Between January 2013 and April 2016, the rate of individuals killed by police in Connecticut was the third lowest in the nation, according to the website mappingpoliceviolence.org The website indicates that during that period, there were 20 people killed by police in the state, for a rate of 5.60, based on the state’s population. The only states with lower rates were New York, at 5.26, and Rhode Island, at 3.80. The highest rates were in New Mexico (31.5), D.C. (28.25), Oklahoma (24.52), Arizona (23.31), Nevada (21.85) and Wyoming (21.29).
Key findings highlighted on the website include:
- 28 percent of U.S. police killings between Jan 2013 - Apr 2016 were committed by police departments of the 100 largest U.S. cities.
- Black people were 39 percent of people killed by these 100 police departments despite being only 21 percent of the population in their jurisdictions.
- In only 3 of the 100 largest city police departments was there no one killed between January 2013 and April 2016 (Buffalo, Irvine, and Plano), according to the website.
- The majority (51%) of unarmed people killed by the 100 largest city police departments were Black. These police departments killed unarmed Black people at a rate 4 times higher than unarmed White people, the data indicated.
- Rates of violent crime in cities did not make it any more or less likely for police departments to kill people. For example, Buffalo and Newark police departments had low rates of police violence despite high crime rates while Spokane and Bakersfield had relatively low crime rates and high rates of police violence, the website points out.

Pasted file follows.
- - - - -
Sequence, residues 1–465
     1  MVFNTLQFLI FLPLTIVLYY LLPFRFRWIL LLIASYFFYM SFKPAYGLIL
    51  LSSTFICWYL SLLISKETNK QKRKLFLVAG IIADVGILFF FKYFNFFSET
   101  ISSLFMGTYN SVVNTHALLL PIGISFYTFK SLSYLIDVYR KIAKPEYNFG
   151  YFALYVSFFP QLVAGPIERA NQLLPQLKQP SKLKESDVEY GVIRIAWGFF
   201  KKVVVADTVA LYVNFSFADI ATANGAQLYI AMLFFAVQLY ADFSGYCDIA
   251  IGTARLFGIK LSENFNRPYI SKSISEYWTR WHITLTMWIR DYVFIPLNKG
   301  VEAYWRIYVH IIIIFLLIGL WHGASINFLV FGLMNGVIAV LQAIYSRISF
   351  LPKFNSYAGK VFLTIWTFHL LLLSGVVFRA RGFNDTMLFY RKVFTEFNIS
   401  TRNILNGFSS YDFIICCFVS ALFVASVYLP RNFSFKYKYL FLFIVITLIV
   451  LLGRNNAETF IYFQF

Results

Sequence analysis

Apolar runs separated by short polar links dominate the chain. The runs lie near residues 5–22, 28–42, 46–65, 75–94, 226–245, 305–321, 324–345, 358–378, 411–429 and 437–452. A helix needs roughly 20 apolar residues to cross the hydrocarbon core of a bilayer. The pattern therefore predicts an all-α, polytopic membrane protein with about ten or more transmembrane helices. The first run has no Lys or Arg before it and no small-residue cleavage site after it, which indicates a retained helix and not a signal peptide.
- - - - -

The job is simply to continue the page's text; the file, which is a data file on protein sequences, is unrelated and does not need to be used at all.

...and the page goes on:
The site is designed to “help hold state policy-makers accountable for police violence,” and highlight “how police violence disproportionately impacts black people in many states.” It offers a number of mapping tools to allow users to review and contrast data, and also offers a database of gathered information.
Looking at the rate at which Blacks were killed by police during the period January 2013 – April 2016, Connecticut was among the lowest, at 8.3, which reflects three deaths. In New Hampshire, Vermont, North Dakota, Maine, Idaho and South Dakota, largely reflecting the population in those states, there were no deaths of African Americans, according to the data.
In 2015, among the 100 largest police departments, there were 14 police departments in which 100 percent of the individuals killed were Black (St Louis, Atlanta, Kansas City, Cleveland, Baltimore, Washington D.C., Raleigh, Milwaukee, Detroit, Philadelphia and Charlotte) and five departments in which all of those killed were White. Connecticut’s largest cities were not included in the list.
The research indicated that “while some have blamed violent crime for being responsible for police violence in some communities, data shows that high levels of violent crime in cities did not appear to make it any more or less likely for police departments to kill people.”
The report defines a “police killing” as “a case where a person dies as a result of being chased, beaten, arrested, restrained, shot, pepper sprayed, tasered, or otherwise harmed by police officers, whether on-duty or off-duty, intentional or accidental.”
The website Mapping Police Violence is a “research collaborative collecting comprehensive data on police killings nationwide to quantify the impact of police violence in communities,” as described by the website. The research team indicates that “the data represented on this site is the most comprehensive accounting of people killed by police since 2013.”